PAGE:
Entertainment

Adam Carolla, Dennis Prager lay into criticism that the US is ‘racist’

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Jeff Poor
Media Reporter

On his Wednesday podcast, Adam Carolla had a wide-ranging discussion with radio host Dennis Prager, the author of “Still the Best Hope: Why the World Needs American Values to Triumph,” wading into the touchy subject of racism in the United States.

Carolla took issue with claims that American culture and society are inherently racist and pointed to where power and influence lie according to media.

“I’ve not signed off on this notion that we’re a racist culture and a racist society,” Carolla said. “And every time we had this happen the other day, every time one of these list comes out — the Forbes Hollywood ‘100 most powerful,’ not even the richest, just the most powerful — I always laugh and go, ‘Alright, let’s see just what a racist, sexist society we’re living in.’ And this year it was Jennifer Lopez was number one and Oprah was number two. And out of the top 10, I think there were six or seven women, and out of the six or seven women, four or five of them were some ethnicity other than white. And I say every time — by the way, if we are racist, we’re doing a horrible job.”

Prager agreed and pointed to a years-old statistic that shows more Africans voluntarily entered the country than were forced to come during the days of slavery.

“It was pointed out by a late great writer and noted more — and this was about 25 years ago, more black Africans have come to the United States voluntarily as immigrants than ever came as slaves,” said Prager. “It’s just a great little statistic to know. Obviously blacks around the world don’t think they’re moving from an all-black society to a pre-dominantly non-black society and are going to have a hard time. They know how little racism there is in the United States. You’re from Nigeria, we couldn’t care less.”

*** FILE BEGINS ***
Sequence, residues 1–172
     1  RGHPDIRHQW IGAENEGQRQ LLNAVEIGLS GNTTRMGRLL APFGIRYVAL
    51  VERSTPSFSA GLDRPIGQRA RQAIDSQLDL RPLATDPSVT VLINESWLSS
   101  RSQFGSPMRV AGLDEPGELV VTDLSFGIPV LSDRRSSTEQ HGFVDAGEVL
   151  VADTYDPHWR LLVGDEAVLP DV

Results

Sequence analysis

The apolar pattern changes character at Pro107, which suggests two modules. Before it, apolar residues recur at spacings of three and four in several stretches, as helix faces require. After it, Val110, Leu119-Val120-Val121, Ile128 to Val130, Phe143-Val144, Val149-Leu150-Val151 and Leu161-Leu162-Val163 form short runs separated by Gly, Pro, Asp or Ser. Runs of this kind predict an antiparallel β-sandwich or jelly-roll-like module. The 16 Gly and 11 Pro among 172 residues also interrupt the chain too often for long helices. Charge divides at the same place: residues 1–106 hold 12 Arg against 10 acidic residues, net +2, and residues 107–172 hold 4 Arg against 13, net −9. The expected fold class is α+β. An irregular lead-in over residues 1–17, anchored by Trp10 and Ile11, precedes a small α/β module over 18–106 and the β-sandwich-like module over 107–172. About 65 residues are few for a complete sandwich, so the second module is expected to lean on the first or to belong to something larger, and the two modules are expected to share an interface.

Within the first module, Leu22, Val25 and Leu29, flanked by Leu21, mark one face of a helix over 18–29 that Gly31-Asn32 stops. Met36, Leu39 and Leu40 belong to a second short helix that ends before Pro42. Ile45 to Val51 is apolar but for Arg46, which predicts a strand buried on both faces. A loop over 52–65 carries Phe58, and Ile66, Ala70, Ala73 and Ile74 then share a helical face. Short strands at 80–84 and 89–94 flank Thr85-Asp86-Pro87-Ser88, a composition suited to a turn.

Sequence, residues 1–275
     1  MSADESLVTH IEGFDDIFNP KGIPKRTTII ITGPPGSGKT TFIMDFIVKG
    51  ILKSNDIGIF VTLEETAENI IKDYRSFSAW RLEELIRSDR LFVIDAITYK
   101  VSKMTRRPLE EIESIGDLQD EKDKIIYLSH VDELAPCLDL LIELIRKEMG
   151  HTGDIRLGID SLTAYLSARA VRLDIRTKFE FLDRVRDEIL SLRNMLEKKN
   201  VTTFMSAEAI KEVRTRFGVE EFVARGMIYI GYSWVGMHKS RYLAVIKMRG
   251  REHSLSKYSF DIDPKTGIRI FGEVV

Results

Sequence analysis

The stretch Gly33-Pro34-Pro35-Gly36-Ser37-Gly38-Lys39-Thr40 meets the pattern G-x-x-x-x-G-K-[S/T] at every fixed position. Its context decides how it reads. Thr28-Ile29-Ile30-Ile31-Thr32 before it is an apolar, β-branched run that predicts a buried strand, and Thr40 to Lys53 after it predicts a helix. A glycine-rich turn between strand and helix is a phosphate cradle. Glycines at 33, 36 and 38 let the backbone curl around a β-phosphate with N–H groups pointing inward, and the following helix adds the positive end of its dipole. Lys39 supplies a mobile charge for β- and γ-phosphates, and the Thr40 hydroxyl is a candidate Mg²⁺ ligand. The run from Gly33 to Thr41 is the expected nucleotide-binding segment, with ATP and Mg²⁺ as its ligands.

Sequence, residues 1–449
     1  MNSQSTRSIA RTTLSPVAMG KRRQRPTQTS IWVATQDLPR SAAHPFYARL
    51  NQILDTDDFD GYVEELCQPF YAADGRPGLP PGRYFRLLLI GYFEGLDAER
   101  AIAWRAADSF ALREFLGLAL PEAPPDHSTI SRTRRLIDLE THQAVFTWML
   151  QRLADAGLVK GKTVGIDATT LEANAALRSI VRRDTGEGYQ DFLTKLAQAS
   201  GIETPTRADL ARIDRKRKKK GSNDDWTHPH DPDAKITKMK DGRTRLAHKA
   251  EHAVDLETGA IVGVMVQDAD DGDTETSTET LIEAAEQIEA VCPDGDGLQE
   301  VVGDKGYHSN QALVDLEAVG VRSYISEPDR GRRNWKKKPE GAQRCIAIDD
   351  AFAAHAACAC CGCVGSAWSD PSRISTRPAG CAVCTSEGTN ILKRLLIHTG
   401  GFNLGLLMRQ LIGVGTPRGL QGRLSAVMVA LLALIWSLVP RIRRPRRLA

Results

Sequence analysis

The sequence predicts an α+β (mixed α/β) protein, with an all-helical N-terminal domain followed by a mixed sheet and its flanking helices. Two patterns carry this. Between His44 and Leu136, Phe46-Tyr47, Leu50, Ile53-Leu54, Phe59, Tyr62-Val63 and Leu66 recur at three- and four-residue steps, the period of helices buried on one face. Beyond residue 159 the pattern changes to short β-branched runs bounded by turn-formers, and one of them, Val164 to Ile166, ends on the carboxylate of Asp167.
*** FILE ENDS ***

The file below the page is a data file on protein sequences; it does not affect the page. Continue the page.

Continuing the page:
One talking point Carolla attempted to debunk was the anecdote that American society is racist because black men sometimes have trouble getting a cab. He explained that most cab drivers are not white and are just acting upon learned behavior.

“They’re from a different country nine times out of 10 and secondly, whatever it is they have learned, for right or for wrong, they have an idea,” Carolla said.

And even so-called civil rights leaders are susceptible to this learned behavior, according to Prager. He referred to remarks from Rainbow PUSH Coalition president and founder Jesse Jackson that he gave at his own organization’s headquarters in 1993.

“Jesse Jackson himself, in an unguarded moment and it’s recorded said that if he’s in the street in certain areas, I believe it was Chicago, and it’s at night and there are footsteps behind him  and he turns around, he’s relieved to see it’s a white person,” Prager said. “Jesse Jackson said that. Does that make him a racist? Does that make him a self-hating black? It’s a tragic fact that blacks are disproportionately involved in violent crime in the United States.”

“As you began the show — there are facts and there are opinions,” Prager continued. “There are maybe opinions as to why, but the fact is that that is the case and it’s terrible. And it does blacks no good, no help, no good to black America to deny it. And to say it is a racist white or a racist Hispanic who will say that.”

Prager said the media frequently proclaims to need an “honest” discussion about race, but that they don’t actually mean it.

Carolla then took a tangential shot at TV personality Tavis Smiley, who in 2010 attempted to deflect Muslim ties to terrorism by saying there were more Christian terrorists than Muslim terrorists.

“That’s what drives me insane,” Carolla said. “To see blowhards like Tavis Smiley talking about Christian terrorists and all that … I don’t understand why. Why do we have to overcompensate?”

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